For people who aren't library users, libraries may seem like a waste of money. Our small town is hurting. Library non-users here and in other communities often think that cutting library hours or eliminating libraries completely would be a great answer to all the money problems faced by their communites. WRONG! The way libraries work, the money that funds your local library belongs to libraries. If your local library closes, the money that used to go to it now gets put back into the pot and spread out among OTHER LIBRARIES. Close your library and your taxes will not go down, the city will not have more money to spend on other things; things will be just the same as they were--you just won't have a library in your town.
I do not have a library sciences degree. I don't understand the ins and outs of the law. I couldn't even begin to comprehend how the "powers that be" spend/allocate/receive money. All I know is that the library is "safe". Yes, they can cut our budgets by a bit. Yes, we may have to make some cut backs on what services we offer. Yes, we won't be getting EVERY James Patterson book that comes out. (What?? He puts his name on at least 10 a year lately.) Yes, we don't have any art-work on the walls. Yes, we're hoping for better times ahead. No, we didn't get into the library business for the big paychecks.
With the recent recession, we have seen an increase in library usage. When people come in for the first time in decades, they're often surprised by what the library has to offer free of charge. Computer usage, books, magazines, newspapers, DVDs, audio books, and generally someone who is excited to help you find what you're looking for. (Not always, mind you--we have off days too.) Your taxes help fund all of this. You already bought that movie. Granted now it's stored at the library and anyone can check it out. You already have that book. Granted, it has a bar code on it that gets scanned every time someone wants to read it. You already bought that newspaper. Granted, it wasn't delivered to your door. Why are you buying that audio book again? Granted, you may have to download some software before loading it onto your MP3 player.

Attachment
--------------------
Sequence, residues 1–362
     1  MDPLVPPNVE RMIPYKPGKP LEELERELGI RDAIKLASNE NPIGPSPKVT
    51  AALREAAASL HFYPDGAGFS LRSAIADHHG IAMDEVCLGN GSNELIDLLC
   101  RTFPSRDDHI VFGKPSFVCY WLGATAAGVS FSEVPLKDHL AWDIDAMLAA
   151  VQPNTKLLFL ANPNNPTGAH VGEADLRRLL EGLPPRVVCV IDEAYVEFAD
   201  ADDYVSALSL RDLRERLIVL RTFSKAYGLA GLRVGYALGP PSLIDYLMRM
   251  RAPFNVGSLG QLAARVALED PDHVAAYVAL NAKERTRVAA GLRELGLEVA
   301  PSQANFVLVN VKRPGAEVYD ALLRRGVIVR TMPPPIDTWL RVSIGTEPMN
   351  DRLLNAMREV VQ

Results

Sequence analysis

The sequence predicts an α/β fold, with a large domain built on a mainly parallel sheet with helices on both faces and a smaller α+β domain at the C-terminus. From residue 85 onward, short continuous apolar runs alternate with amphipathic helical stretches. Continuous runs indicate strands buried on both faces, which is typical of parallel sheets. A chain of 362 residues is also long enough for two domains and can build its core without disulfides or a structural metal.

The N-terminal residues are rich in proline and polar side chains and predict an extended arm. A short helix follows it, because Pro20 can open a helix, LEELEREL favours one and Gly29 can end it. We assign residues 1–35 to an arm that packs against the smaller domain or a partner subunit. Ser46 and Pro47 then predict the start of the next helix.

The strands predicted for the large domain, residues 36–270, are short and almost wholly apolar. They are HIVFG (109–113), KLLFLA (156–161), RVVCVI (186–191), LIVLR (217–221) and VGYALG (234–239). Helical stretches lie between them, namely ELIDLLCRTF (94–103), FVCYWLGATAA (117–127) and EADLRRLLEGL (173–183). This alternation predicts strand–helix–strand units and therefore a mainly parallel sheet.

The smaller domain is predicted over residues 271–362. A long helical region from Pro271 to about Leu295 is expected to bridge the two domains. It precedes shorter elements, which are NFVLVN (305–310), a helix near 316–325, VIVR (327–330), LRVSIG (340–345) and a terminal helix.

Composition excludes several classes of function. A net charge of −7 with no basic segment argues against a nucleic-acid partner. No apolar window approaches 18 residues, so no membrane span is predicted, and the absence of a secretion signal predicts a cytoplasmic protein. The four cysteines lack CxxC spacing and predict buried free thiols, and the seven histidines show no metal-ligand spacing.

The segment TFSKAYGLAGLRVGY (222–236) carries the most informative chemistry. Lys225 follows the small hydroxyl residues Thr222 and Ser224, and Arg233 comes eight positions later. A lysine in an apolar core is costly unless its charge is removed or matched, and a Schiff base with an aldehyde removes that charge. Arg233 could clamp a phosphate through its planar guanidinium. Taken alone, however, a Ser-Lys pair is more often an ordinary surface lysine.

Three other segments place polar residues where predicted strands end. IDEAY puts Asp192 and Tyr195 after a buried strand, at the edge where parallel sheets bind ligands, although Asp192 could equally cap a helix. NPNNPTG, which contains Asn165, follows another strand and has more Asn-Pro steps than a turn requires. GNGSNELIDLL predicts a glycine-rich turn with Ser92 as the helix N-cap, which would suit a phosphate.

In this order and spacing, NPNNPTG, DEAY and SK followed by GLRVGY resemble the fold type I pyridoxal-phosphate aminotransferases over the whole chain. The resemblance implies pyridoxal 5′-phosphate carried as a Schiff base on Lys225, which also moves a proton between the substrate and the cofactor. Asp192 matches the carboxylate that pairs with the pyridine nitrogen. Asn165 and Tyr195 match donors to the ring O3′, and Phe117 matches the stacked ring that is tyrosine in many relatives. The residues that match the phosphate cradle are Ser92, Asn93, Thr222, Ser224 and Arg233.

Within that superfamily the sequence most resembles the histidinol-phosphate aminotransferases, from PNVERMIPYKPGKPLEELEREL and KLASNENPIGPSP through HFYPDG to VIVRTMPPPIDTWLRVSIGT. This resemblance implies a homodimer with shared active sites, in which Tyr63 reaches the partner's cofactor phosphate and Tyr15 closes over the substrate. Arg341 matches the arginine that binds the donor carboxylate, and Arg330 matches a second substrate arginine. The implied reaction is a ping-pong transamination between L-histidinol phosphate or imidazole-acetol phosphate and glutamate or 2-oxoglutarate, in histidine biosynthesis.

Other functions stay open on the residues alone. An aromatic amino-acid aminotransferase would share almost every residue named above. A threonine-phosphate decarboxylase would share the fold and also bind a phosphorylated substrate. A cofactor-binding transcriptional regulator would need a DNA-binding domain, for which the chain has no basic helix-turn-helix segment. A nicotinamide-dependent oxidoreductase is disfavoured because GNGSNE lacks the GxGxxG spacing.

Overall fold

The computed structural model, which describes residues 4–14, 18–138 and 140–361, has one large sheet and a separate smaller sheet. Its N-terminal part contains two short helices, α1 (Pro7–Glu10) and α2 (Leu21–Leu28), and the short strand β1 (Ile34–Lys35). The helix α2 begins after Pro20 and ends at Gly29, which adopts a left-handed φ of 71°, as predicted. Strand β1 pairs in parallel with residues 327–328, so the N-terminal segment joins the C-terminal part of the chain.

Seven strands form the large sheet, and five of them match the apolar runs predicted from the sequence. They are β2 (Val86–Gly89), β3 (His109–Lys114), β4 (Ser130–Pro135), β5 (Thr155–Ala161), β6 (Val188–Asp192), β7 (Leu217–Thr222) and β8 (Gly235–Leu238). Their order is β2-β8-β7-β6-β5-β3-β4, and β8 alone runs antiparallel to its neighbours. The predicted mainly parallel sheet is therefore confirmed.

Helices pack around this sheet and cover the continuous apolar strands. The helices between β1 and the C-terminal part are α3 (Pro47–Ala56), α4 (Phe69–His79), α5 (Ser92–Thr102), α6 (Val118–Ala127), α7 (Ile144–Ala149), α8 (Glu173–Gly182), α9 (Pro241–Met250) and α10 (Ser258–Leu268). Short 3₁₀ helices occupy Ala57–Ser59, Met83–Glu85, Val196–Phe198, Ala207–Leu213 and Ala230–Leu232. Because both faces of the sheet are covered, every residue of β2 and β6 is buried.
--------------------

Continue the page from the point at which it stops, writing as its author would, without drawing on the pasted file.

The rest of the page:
February is Love Your Library month. Money is tight. Maybe you can't make any sort of monetary donation to your library, but there are other things you can do. Send off an email to your local/state/federal government officials expressing your support for local libraries. They need to understand how important libraries are to our communities. Stop in for a chat about what the library means to you and any improvements you would like to see. Ask if there is anything you can do to help. Come to a board meeting and see how it all works. Spend an afternoon seeing what the kids do in here after they're done with school.
Libraries will get you through times of no money better than money will get you through times of no libraries. I know I would be in a world of hurt if I no longer had a library to use!
I'll get off my soap-box now.